“Our client MIAL has constantly encouraged us to bring in the latest technologies from overseas to ensure fast-track and international quality construction,” says Sen. “Further, as this is the most complex Brownfield airport project owing to its enormous volume, limited duration, need to keep existing operations intact, landlocked premises and complex logistics, it is essential to adopt new technologies to complete the same.”
One of these technologies is ‘rubblisation’: a method by which an existing concrete pavement can be broken, recycled and replaced as sub-base into the same place. This broken and consolidated layer becomes an integral part of the subsquent concrete layer to be laid over it. This not only helps utilise existing concrete but reduces the traffic, time and energy used to remove and dispose of the existing concrete layer as well. As this is a green concept, it also helps to protect the environment.
“We were supposed to bring down the 30-m-high, four-storey Terminal 2A building to build the new terminal building at the same footprint,” explains Sen. “There are prohibited explosive methods, expensive saw cutting methods or traditional time-consuming manual dismantling methods. Considering all these constraints, we used a 200-tonne cap jaw crusher mounted on a high-reach excavator. Like a mechanical dinosaur, this machine crushes concrete and cuts reinforcement. With this technology, the whole building came down fast and safely. This technology has been used for the first time in India.”
“We are upgrading this airport to comply with code ‘F’ requirements, which means wider body aircraft like the Airbus A380 can also be operated after this renovation,” Sen continues. “For this, we need to strengthen and widen the existing runway. About 90 m of the bridge deck was strengthened from the underside using CFRP and a new RCC raft between the pier and pier/abutments was built and RCC jacketing provided on abutments and piers for the full height.” With this technique, working against all the odds using forced ventilation and utmost safety, L&T completed the work 18 days ahead of schedule. “We have also used an advanced technology called the ‘hot tapping technique’ using imported machinery to bypass ‘operating’ aviation fuel hydrant lines to avoid clashing with new terminal building construction,” he adds. This method too was adopted for the first time in an airport in India.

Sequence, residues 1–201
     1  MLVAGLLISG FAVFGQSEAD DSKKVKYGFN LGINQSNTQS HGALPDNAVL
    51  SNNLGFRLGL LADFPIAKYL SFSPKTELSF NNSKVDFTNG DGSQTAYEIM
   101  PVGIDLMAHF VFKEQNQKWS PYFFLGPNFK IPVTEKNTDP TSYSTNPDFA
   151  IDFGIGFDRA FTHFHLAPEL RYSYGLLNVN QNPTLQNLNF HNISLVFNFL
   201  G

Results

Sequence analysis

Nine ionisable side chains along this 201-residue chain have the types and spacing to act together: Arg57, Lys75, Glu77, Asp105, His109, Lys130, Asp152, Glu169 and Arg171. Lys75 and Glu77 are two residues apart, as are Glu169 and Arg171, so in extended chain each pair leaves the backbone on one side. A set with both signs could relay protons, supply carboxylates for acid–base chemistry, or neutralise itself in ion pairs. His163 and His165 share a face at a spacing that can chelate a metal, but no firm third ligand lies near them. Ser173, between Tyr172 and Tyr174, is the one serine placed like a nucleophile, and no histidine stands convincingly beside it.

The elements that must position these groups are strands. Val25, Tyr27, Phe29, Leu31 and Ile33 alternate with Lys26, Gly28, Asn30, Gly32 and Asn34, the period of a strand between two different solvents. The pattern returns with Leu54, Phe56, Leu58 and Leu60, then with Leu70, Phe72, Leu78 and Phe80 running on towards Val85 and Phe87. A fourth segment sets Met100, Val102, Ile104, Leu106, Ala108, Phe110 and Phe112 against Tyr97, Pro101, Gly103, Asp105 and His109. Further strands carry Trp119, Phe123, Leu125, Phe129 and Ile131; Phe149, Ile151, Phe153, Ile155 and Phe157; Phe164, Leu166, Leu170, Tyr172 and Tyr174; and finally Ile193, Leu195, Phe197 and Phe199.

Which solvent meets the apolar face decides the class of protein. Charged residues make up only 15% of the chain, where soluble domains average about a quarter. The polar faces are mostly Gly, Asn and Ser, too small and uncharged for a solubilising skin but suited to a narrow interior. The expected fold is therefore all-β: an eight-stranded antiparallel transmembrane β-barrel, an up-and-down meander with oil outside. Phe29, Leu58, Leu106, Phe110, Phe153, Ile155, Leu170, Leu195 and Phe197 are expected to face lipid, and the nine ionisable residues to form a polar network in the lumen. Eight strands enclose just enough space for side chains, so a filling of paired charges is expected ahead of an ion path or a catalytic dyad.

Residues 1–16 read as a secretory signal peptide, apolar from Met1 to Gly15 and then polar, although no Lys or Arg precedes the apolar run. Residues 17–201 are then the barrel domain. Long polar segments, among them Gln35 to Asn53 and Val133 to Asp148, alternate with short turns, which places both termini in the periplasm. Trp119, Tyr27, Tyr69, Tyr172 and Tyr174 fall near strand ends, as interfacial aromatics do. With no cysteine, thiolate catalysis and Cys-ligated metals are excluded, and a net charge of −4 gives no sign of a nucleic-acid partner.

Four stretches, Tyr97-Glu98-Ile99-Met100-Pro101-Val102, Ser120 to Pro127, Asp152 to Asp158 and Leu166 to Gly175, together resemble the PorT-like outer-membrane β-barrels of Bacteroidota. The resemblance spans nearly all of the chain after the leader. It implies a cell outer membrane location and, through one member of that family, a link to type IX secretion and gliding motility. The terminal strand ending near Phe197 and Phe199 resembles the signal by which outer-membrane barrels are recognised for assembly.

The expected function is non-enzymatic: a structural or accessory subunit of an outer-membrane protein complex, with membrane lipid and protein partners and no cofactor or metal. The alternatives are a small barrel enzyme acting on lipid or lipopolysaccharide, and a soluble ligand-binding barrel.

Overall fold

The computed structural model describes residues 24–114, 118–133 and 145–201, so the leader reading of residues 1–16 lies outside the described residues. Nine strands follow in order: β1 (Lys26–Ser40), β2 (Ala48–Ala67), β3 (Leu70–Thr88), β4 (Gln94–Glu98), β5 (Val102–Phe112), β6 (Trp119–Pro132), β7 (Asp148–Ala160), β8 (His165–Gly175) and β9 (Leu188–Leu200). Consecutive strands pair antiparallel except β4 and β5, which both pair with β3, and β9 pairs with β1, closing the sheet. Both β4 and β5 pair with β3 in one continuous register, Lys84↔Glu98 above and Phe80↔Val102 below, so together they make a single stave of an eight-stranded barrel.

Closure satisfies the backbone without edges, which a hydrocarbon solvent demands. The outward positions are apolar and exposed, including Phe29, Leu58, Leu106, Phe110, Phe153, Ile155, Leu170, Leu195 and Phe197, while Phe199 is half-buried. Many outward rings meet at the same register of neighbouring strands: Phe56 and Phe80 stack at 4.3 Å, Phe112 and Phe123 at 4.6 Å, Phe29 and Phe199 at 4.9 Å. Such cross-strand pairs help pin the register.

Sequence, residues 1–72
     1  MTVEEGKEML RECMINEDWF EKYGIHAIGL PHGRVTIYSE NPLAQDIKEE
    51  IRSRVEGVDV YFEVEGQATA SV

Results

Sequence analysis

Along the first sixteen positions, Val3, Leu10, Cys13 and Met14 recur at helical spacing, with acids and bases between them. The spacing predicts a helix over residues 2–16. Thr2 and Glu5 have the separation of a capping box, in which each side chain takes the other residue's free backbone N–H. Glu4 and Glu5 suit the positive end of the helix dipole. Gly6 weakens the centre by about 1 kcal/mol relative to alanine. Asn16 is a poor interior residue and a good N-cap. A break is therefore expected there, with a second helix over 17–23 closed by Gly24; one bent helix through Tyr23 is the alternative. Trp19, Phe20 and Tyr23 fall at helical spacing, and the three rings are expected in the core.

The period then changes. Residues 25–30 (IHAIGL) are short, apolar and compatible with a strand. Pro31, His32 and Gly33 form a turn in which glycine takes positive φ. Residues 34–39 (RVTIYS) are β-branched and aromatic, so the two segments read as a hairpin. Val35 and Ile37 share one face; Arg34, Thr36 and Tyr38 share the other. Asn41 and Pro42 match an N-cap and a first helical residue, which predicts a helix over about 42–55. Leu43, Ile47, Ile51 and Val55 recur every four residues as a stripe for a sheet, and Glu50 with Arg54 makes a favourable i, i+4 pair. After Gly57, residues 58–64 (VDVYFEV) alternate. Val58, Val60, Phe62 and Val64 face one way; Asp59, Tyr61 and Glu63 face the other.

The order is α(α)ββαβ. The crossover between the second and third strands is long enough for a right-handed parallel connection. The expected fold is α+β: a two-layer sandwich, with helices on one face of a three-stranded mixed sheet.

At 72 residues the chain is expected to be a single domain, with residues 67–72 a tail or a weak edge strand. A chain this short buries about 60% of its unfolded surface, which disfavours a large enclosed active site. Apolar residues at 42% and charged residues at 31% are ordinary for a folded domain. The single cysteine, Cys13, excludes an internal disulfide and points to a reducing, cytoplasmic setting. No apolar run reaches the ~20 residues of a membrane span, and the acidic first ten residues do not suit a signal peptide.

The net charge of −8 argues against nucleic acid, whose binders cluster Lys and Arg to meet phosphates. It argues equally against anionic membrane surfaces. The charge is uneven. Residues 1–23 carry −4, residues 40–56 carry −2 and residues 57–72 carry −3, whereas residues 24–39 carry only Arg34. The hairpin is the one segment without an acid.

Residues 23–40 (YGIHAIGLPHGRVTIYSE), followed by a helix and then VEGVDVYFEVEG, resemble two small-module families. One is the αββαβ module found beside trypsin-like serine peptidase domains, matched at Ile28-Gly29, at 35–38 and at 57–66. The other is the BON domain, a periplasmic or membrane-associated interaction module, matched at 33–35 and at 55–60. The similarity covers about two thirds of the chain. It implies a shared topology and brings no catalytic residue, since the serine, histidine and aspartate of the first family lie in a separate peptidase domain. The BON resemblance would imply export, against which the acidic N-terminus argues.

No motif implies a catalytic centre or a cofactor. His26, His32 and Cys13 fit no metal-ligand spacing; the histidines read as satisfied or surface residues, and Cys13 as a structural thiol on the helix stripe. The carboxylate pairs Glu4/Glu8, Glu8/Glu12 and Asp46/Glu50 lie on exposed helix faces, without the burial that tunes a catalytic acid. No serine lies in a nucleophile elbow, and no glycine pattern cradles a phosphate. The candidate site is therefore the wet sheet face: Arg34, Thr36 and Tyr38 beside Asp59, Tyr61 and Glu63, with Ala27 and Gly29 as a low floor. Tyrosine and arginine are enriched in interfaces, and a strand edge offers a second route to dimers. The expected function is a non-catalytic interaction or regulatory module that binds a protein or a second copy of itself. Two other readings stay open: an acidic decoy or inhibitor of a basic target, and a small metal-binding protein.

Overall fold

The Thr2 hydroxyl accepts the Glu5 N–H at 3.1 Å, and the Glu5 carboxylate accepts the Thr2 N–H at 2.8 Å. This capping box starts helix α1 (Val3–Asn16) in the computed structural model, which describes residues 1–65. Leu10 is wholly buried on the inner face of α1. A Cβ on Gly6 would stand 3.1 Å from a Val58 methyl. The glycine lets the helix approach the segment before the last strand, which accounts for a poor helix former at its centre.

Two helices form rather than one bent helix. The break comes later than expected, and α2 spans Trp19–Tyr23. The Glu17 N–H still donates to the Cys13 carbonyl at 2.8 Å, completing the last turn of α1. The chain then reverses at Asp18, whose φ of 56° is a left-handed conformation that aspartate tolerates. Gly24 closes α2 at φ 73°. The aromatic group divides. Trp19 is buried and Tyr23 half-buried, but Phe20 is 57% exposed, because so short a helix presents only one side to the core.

Coping with challenges
Despite help from technology, other challenges remain, such as mobilising and retaining skilled labour, and lack of space and planning, especially in a city like Mumbai. “Mumbai airport is the most challenging airport that we have done and it is probably the most challenging airport in the whole world,” says Simha. “This is because it is the most congested airport; it is in the heart of the city and movement is restricted.”
Delhi airport also has its own set of challenges. “It is no hidden fact that infrastructure projects of such magnitude require a massive investment of capital,” reveals the DIAL spokesperson. “While airlines are flexible in responding to this situation by rationalising routes, reducing spend on asset acquisitions and other cuts, the airport cannot respond in a similar manner owing to the long-term implications of the project. Capacity cannot be added or reduced in an airport on an immediate basis as an airline can do.”
Eventually, every airport is unique in its own way. While Bengaluru Airport was a pioneering venture for airport development under PPP model by L&T, serviceability and architectural aspects were indigenous for Hyderabad. Delhi International Airport with its 5 million sq ft area can lay claim to the biggest volume in Asia and the Chhatrapati Shivaji International Airport being constructed in Mumbai can boast of being the most challenging project.
Beyond the metros
But while the big-ticket airports are the ones more talked about, a quiet aviation revolution is brewing beyond the metros. “There is a huge population that is just aspiring to join the mainstream,” says Basarkod. “So why can’t you tap that? Spread awareness and give them an opportunity to fly. I am sure it will be a success story.”
Indeed, there are innumerable opportunities in the regional airports sector. “Regional airports will definitely augment growth of the region,” says ACK Nair, Airport Director, Cochin International Airport Ltd (CIAL). “Better connectivity should be the major aim of the industry as more and more people are going to fly in years to come. India has a population of about 1.1 billion with a middle class projected to become 600 million in 2010. If just 5 per cent of this segment shifts to air travel, it will result in 40,000 seats a day being added. Further it is easier to create air capacity than rail or road.”
According to RC Sinha, Vice-Chairman, Maharashtra Airport Development Company Ltd, “With regional cities growing in population and displaying increased economic activity and for distribution of industries from a few to many centres, regional airports are a necessity in Maharashtra. We are trying to make airports in Shirdi, Pune (Chakan), Solapur, Amravati, Gadchiroli and Dhulia.”
“Every small regional airport could become a major regional airport depending on how that area grows,” opines Simha. Regional airports will also get connected to the main metro airports. In this way, utilisation and connectivity improves everywhere. The feed to the regional airports is from the main airports or vice versa. So if you have good regional airports, you have more people travelling. The opportunity in regional airports has given AAI close to a Rs 10,000 crore spread over 40 airports. This includes modernisation, some reformations, upgrades and new ones.”